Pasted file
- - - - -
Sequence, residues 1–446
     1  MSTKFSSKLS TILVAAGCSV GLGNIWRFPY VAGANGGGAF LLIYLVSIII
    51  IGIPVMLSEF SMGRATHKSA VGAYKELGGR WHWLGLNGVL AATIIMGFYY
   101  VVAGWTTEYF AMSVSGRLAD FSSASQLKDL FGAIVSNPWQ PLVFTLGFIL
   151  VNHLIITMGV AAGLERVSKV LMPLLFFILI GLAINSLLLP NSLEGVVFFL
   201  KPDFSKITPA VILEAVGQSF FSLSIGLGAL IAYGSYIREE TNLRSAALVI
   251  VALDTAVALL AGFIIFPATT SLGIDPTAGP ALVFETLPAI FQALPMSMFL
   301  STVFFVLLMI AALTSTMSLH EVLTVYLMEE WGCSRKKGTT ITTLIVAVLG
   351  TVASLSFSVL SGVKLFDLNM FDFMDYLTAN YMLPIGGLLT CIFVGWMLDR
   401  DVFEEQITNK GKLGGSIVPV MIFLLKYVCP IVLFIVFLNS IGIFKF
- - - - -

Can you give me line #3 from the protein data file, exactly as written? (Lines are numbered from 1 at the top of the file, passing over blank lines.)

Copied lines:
    51  IGIPVMLSEF SMGRATHKSA VGAYKELGGR WHWLGLNGVL AATIIMGFYY